Go to the jungle city
Once a Chinese tin mining town, Malaysia’s lush capital, built around a natural rainforest, has grown into a glittering metropolis with futuristic architecture, gold-domed mosques and temples, and ancient banyan trees. Known as the jungle city, Kuala Lumpur was put firmly on the map when the 88-storey Petronas Towers were built in the 1990s. They were the world’s tallest buildings until 2004, and remain the world’s tallest twin towers today.
Still, there’s far more to KL, to give it its local nickname, than shiny skyscrapers and tropical rainforest. It has world-class street food, contemporary Asian art and many heritage sites, including the Batu Caves, a revered Hindu temple that this summer had an Instagram-friendly makeover on the 272 steps leading up to the limestone caves.
A waterfall of lights
KL has had the official style stamp of approval with the opening of the W Hotel Kuala Lumpur (double rooms from £160, whotels.com). Barely two months old, the 150-room hotel across from the Petronas Towers is the brand’s first foray into Malaysia. And there’s no doubting its Asian beat: the lobby has a ‘waterfall’ of pulsating LED lights and bamboo chandeliers. There’s also the Wet Deck rooftop pool and bar, and Saint Pierre, KL’s latest Michelin-starred contemporary French restaurant.
It’s not the only new face in town, though. The super-slick 143-room Alila Bangsar (doubles from £71, alilahotels.com/bangsar) opened in May in the trendy Bangsar district, while affordable luxury brand CitizenM is currently adding the finishing touches to CitizenM Kuala Lumpur (citizenm.com), which opens in the buzzy Bukit Bintang district at the end of the year. Finally, Monopoly Mansion, the world’s first Monopoly-themed hotel, will pass go here in 2019.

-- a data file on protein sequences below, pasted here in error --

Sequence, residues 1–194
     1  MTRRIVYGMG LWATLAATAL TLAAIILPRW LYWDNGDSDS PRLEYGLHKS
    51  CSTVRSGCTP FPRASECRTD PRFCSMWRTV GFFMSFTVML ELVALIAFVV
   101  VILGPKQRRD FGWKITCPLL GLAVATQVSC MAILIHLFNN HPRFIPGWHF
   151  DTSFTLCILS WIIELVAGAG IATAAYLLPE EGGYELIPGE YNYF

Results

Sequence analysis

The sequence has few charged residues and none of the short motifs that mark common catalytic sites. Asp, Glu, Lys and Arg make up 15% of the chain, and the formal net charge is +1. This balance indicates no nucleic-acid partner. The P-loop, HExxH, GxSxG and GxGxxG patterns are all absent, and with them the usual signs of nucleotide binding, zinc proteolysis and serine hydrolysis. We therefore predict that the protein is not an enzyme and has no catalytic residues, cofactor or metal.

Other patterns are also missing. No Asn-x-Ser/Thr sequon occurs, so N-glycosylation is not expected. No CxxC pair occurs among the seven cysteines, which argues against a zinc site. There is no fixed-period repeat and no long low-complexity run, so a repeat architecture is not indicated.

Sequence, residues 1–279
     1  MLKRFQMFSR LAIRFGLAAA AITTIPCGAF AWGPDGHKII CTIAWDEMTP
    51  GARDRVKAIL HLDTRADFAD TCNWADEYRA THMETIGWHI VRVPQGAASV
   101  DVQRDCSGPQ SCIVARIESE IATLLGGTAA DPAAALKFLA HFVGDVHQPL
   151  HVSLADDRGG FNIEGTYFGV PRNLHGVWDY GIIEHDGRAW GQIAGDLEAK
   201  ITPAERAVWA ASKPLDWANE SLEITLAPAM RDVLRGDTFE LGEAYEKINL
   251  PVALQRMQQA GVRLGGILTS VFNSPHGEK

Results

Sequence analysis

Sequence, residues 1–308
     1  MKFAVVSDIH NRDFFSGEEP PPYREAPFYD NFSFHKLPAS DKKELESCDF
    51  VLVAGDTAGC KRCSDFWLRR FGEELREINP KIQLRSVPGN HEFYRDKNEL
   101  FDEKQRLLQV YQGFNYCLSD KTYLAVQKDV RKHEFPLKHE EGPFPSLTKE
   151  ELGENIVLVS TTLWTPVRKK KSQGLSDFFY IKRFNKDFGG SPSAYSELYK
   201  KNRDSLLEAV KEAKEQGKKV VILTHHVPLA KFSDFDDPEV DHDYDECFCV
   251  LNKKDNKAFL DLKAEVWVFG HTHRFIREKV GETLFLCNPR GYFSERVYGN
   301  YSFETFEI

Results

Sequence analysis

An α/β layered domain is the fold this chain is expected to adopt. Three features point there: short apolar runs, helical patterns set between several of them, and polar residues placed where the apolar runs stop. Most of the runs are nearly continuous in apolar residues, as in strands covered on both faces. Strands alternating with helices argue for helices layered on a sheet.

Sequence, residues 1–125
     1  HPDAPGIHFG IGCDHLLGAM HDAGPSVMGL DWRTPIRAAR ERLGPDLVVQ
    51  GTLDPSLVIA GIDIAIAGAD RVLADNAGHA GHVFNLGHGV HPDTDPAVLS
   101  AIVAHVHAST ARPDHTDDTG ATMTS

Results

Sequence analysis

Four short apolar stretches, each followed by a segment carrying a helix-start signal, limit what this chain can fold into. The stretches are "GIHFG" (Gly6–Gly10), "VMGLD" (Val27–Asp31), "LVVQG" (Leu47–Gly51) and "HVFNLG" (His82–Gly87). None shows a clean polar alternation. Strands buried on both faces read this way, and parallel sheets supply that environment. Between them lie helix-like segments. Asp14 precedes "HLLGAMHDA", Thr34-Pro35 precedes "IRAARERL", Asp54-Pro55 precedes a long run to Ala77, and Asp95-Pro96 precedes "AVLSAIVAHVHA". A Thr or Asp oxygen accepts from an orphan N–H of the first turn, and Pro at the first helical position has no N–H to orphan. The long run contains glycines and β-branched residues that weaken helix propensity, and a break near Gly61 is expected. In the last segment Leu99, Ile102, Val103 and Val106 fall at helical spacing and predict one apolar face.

Food on the aeroplane
A blend of Malay, Chinese and Indian cultures, Malaysia is renowned for its incredible food — KL staple curry laksa came in at number two on Lonely Planet’s recent Ultimate Eatlist of the world’s top 500 eating experiences. The spicy curry noodle soup is best slurped at the curry stalls at Madras Lane. Sushi Ryu (set lunch from £51, ryu-sushi.com) also opens this month in the Platinum Park Tower and is the city’s first two-Michelin-starred Japanese restaurant.
For a low-key munch, head to Tropicana Avenue’s latest Japanese izakaya. Kyu Bar (facebook.com/KyuBarPJ) knocks out authentic yakitori (from 70p) and gyoza (from £2.36), washed down with mugs of local beer (£2.36).
And for something totally out there, eat in a grounded Boeing 737. The 90-minute Plane In The City experience (from £46, planeinthecity.com) includes a wing walk, a tour of the cockpit and a three-course dinner. Upgrade to first class (£183) for free cocktails and canapés, plus a night at the city’s Le Meridien hotel.
Getting into the spirit
With Halloween and spooky season imminent, it seems appropriate to reveal the city’s zombie side. The Deceased, a rooftop bar that opened in KL’s Chinatown this year, has ghostly music, ‘blood’-streaked walls and faux corpse photos. The bar is decked out like an old apothecary shop (it was a Chinese pharmacy in a former life) with glass jars filled with boozy infusions and cocktails that include Petty Person Beating and Tea of Oblivion (from £6.90, facebook.com/thedeceasedkl).
For something a little less sinister but just as atmospheric, head to BarZhen (cocktails from £6.90, facebook.com/barzhen), hidden behind a blue door on a lantern-draped alleyway in Chinatown. The latest secret address on KL’s burgeoning speakeasy scene has a signature cocktail, the Red Dates Clover Club, made with red date-infused gin, kaffir lime leaves and egg whites.
■ Return flights from Heathrow to Kuala Lumpur with British Airways start from £553, https://www.britishairways.com/travel/home/public/en_gb